The substantial milk production growth is occurring at a time when fluid milk consumption and milk processing capacity have been on the decline. While reduced processing capacity due to plant closures is somewhat offset by the expansion or construction of another plant, DFA’s Elvin Hollon estimated the marketing area has lost about 165 million pounds of monthly processing capacity since 2013.
Entering 2017 flush production months, milk oversupply pressure is expected to increase. And, adding to the imbalance, there’s also concern over Canada’s policy effectively restricting markets to U.S.-produced ultra-filtered milk. Industry analysts estimate that manufacturers in New York alone are selling more than 300 million pounds of skim milk equivalent annually. If Canada’s policy remains in place, milk previously headed north of the border will need to find a market outlet in an already surplus situation.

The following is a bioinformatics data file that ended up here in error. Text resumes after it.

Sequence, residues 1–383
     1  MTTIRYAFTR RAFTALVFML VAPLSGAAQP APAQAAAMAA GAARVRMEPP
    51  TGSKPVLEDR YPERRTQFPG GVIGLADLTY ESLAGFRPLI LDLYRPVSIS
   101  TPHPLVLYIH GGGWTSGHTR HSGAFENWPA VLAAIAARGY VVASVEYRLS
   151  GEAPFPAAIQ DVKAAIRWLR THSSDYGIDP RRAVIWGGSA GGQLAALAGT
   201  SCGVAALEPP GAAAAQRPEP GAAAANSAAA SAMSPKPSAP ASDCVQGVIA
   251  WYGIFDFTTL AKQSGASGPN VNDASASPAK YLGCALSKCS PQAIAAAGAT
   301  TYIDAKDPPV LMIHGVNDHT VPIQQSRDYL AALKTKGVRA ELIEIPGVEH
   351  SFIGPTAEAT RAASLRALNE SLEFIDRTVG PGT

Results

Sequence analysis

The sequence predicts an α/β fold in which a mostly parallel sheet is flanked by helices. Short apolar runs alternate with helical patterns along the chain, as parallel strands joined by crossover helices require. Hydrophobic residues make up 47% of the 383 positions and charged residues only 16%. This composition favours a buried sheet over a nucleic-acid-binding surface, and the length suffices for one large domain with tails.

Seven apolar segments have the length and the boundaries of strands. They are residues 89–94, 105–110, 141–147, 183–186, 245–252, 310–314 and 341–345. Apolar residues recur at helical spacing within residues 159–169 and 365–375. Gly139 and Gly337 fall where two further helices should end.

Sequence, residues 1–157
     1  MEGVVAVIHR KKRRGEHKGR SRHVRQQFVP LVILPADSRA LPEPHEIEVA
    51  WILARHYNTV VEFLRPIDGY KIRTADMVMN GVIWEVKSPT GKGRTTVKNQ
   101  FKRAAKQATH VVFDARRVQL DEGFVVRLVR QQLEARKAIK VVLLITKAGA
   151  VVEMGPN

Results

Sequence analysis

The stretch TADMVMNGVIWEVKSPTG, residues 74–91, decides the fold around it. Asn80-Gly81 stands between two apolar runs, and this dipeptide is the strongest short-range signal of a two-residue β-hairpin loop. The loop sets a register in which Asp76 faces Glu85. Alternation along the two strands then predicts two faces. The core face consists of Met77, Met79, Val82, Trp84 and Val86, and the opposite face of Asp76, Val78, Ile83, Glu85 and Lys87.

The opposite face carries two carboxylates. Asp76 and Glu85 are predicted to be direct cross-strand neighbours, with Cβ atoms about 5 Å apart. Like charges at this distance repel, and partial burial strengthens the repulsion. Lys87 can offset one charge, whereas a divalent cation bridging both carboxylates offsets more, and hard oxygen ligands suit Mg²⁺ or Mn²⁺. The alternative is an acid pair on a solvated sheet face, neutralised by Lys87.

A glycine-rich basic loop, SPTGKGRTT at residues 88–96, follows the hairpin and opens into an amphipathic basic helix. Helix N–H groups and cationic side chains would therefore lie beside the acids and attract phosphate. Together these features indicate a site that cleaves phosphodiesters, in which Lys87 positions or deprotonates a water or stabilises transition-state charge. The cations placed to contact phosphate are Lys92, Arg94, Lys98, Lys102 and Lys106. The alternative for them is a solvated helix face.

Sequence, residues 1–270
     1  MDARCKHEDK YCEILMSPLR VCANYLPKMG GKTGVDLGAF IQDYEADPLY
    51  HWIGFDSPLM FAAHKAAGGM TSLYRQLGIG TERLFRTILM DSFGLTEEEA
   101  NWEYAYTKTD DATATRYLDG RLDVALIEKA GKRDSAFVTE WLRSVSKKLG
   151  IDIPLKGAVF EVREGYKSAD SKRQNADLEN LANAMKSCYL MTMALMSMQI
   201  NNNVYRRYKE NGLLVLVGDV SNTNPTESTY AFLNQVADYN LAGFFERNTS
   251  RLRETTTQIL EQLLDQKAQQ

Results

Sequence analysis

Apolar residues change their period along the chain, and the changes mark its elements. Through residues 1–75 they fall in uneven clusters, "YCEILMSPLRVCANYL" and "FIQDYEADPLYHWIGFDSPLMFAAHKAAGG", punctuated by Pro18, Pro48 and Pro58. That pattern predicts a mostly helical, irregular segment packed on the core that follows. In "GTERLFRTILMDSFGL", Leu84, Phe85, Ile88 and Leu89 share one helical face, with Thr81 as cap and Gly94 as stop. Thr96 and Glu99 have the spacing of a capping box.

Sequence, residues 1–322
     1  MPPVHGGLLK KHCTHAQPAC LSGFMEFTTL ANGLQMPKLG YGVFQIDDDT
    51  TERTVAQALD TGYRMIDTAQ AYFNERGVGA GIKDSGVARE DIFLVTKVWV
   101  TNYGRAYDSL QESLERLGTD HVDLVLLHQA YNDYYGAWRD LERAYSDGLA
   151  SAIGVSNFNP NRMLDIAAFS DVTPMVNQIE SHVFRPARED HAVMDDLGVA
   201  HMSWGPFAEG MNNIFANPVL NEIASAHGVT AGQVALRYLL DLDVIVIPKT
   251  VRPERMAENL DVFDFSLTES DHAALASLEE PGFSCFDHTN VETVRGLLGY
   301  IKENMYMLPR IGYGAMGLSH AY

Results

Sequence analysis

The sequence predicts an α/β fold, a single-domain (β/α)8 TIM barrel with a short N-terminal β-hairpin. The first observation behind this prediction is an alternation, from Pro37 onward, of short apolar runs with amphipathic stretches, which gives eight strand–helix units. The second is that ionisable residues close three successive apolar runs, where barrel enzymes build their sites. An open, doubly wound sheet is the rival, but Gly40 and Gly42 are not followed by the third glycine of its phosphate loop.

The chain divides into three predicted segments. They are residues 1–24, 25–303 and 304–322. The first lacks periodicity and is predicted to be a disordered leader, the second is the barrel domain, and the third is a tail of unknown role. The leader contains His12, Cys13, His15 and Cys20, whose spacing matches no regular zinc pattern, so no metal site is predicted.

January fluid milk sales dip
Declining fluid milk sales compound the problem, especially in the Northeast, where a higher proportion of total milk production is marketed in fluid products.
January 2017 total U.S. packaged fluid milk sales were estimated 4.18 billion pounds, down 0.8 percent from January 2016, according to USDA’s Dairy Market News. In the Northeast federal order, total January fluid milk products were estimated at 705 million pounds, down 2.5 percent compared to the same month a year earlier.
U.S. sales of conventional products totaled 4.03 billion pounds, down 1.1 percent from the previous year, while sales of organic products, at 228 million pounds, were up 4.7 percent. Organic represented about 5.4 percent of total sales for the month.
In the conventional milk aisle, whole and flavored whole milk sales were up 3.5 percent and 10.1 percent compared to the previous year, respectively. Sales of organic whole milk were up 12.5 percent compared to a year earlier.
Conventional and organic fat-free milk varieties had the largest sales declines compared to a year earlier.
The U.S. figures represent consumption of fluid milk products in federal milk order marketing areas and California, which account for approximately 92 percent of total fluid milk sales in the U.S.
What to do with excess milk?